Believe it or not, Easter celebrates a man who died a criminal’s death and became the foundation for what are commonly called ‘Australian Values’.
When I was a young boy, visiting my grandmother in Edinburgh, Scotland, she used to tease me by saying, “You and your family are descended from convicts.” I deeply resented her comments because as a five-year-old boy, I did not yet know that Australia, in its founding, was populated by criminals.
From 1788 to 1868, Britain transported more than 160,000 convicts from its overcrowded prisons to the Australian colonies, 80 years’ worth of convicts. It was, in fact, William Wilberforce who petitioned the British government to settle Australia, in order to give prisoners dying in overcrowded British prison hulks, a new start in life.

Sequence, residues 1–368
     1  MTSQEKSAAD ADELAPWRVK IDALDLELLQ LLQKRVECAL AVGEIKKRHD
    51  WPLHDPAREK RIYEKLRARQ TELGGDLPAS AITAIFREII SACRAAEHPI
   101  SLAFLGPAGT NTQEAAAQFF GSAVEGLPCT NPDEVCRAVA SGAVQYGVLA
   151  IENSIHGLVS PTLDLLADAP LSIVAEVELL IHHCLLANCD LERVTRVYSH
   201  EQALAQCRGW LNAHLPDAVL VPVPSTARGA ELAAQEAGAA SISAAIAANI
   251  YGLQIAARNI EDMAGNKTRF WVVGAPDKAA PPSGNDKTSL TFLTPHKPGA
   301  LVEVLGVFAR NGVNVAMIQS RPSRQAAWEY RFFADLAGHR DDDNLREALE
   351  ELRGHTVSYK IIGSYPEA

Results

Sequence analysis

Interestingly, while the vast majority of our early settlers were convicts, most of our early explorers were men of faith. James Cook, Charles Stuart, Matthew Flinders, Edward John Eyre and the indomitable Pedro Fernandez De Quiros, who in 1606 gave Australia her name, Australia del Espiritu Santo.
This legacy of faith carried on through our many devout, practising Christians, such as Governors Lachlan Macquarie, Brisbane, Hunter and Latrobe, to name a few. Macquarie, in particular, encouraged Christian education, commencing a number of schools under the supervision of government chaplains. By 1817, the most common discussion in the pages of the Sydney Gazette was the merits of Bible reading.
Australian money tells the story of our early Christian pioneers and the ways in which they influenced our values. The early $5 note told the story of history making Christian social worker Caroline Chisholm, Australia’s first advocate for women in the early eighteen-eighties. The current $20 note tells the story of Rev John Flynn who pioneered our Flying Doctor service to outback areas. The current $50 note features David Unaipon, an aboriginal inventor and lay preacher, who invented improved methods of shearing sheep, among many other things.